–Joshua 1:1-9

Posted in Theology: Scripture

(Star-Telegram) TX court favors classical group in Episcopal Church Fort Worth-area property dispute

One group calling itself the Episcopal Diocese of Fort Worth has won a decisive legal battle in a fight over which religious organization has control of church property.

But whether the war is over between these two religious organizations, both of which claim the title of the Episcopal Diocese of Fort Worth, is still being decided.

Both groups seek ownership of about $100 million in church property in a 24-county area….

Read it all.

Posted in Ethics / Moral Theology, Law & Legal Issues, Parish Ministry, Religion & Culture, Stewardship, TEC Conflicts: Fort Worth

(Sun Times Front Page) Chicago clergy on seeking God in the age of COVID: ‘The church has left the building’

Safety is also top of mind for the Rev. Shannon Kershner, pastor of Fourth Presbyterian Church at 126 E. Chestnut St. along the Magnificent Mile. It’s why the church livestreams its 11 a.m. Sunday services from Kershner’s living room rather than the sanctuary.

“The empty sanctuary is really a statement of our love and action,” Kershner said. “It’s an expression of God — love your neighbor, essentially — love for our health care professionals and other essential workers who would be harmed if we were to somehow contribute to the spread.

“I’m going to be in my living room, just as all my members are. There’s an intimacy to it, as well as a solidarity that’s been really interesting to discover.”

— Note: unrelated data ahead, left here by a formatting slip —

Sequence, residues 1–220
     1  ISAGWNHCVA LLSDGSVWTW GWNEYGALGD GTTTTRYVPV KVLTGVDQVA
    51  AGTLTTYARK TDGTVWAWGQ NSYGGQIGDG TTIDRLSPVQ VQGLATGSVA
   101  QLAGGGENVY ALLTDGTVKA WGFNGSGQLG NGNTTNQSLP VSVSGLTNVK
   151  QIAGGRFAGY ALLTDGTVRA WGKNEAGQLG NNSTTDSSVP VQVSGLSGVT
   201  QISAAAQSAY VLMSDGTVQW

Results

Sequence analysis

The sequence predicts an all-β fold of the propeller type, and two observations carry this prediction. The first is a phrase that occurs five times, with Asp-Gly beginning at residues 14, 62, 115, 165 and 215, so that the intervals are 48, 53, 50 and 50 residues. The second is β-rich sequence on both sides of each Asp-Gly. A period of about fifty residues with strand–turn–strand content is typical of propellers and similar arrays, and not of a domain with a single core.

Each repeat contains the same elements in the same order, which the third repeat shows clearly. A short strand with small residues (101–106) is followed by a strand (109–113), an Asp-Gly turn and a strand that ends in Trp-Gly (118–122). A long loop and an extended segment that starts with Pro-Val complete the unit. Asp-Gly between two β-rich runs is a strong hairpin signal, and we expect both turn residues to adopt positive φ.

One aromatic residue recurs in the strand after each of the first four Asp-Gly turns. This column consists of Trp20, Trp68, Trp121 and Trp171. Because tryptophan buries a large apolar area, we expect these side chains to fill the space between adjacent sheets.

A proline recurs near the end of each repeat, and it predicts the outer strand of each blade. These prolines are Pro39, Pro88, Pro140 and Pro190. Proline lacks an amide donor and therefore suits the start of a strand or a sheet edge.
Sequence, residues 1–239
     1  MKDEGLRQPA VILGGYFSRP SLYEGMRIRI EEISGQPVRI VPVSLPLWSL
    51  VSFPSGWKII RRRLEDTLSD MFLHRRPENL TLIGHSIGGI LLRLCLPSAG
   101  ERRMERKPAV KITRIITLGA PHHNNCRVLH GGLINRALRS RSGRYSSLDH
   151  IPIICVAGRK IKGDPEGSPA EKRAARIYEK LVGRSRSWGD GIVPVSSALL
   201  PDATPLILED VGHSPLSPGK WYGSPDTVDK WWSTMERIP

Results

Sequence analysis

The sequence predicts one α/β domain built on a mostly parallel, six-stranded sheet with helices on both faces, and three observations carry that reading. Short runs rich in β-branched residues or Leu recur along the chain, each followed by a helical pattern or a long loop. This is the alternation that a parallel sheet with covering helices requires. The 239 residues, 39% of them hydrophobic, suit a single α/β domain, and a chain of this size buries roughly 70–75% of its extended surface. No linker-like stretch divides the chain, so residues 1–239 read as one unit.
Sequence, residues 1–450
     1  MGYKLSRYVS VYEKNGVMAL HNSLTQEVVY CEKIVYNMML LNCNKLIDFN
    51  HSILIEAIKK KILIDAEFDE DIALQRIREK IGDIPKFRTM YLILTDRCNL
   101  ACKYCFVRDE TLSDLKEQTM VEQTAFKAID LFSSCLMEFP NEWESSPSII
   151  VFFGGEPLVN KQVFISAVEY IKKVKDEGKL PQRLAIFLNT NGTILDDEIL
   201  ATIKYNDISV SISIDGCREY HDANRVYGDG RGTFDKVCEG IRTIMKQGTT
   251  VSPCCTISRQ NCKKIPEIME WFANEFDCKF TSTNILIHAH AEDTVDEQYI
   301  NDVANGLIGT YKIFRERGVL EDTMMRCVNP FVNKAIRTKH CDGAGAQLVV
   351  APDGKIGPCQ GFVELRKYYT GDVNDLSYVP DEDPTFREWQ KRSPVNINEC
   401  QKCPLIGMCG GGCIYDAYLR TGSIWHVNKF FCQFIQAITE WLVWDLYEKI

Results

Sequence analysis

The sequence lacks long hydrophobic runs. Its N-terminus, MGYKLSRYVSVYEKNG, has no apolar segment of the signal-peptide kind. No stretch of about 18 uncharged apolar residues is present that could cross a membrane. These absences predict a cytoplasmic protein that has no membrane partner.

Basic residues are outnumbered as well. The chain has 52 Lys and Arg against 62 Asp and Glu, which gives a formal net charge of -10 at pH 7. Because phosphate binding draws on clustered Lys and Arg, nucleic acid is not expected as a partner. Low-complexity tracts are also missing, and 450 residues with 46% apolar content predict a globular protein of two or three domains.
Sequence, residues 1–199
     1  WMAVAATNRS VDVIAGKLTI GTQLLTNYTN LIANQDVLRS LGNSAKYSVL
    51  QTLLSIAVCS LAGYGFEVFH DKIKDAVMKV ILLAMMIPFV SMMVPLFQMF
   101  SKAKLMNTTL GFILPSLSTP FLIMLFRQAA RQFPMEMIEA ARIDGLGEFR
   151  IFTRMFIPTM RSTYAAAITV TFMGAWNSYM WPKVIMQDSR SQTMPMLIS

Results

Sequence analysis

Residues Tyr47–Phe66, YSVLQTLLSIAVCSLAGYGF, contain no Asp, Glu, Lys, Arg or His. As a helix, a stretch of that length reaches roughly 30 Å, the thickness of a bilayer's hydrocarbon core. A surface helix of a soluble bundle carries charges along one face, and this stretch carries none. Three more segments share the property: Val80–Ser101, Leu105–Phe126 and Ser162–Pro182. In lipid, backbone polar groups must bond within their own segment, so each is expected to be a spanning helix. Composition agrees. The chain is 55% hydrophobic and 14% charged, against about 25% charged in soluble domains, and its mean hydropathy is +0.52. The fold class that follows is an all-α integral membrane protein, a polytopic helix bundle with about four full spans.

Along with its worship services, the church in the wealthy downtown community moved online the many classes offered through its Center for Lifelong Learning — 700-plus church members are over 70. Kershner and seven ministers try to do phone checks on each of them.

“Church meetings are on Zoom,” Kershner said. “Bible study is on Zoom. Prayer meetings are on Zoom. In the beginning, we were thinking: If we can just get through Easter, things will go back to normal. Then, we realized that wasn’t going to happen and that we were going to have to remain in this adaptive mindset.

“Then, it was: OK, how can we sustain the ministry that we’re doing in all these new ways, getting clearer about what needs to be our priorities? One thing that became clear is that people really want to feel connected.”

Read it all.

Posted in Health & Medicine, Islam, Judaism, Parish Ministry, Urban/City Life and Issues

Prayers for the Anglican Diocese of South Carolina This Day

Posted in * Anglican - Episcopal, * South Carolina, Parish Ministry, Spirituality/Prayer

A Doxology based on the thought of Thomas Ken to begin the Day

Glory be to thee, O Christ our Prophet, who didst reveal and interpret thy Father’s will and all saving truth to the world.
Glory be to thee, O Christ our Priest, who didst offer thyself a sacrifice for sin and ever livest to make intercession for us.
Glory be to thee, O Christ our King, who dost give laws to thy people, and dost govern and protect us in thy love, and who reignest with the Father and the Holy Spirit now and for evermore.

Posted in Spirituality/Prayer

From the Morning Bible Readings

The seventy returned with joy, saying, “Lord, even the demons are subject to us in your name!” And he said to them, “I saw Satan fall like lightning from heaven. Behold, I have given you authority to tread upon serpents and scorpions, and over all the power of the enemy; and nothing shall hurt you. Nevertheless do not rejoice in this, that the spirits are subject to you; but rejoice that your names are written in heaven.”

In that same hour he rejoiced in the Holy Spirit and said, “I thank thee, Father, Lord of heaven and earth, that thou hast hidden these things from the wise and understanding and revealed them to babes; yea, Father, for such was thy gracious will. All things have been delivered to me by my Father; and no one knows who the Son is except the Father, or who the Father is except the Son and any one to whom the Son chooses to reveal him.”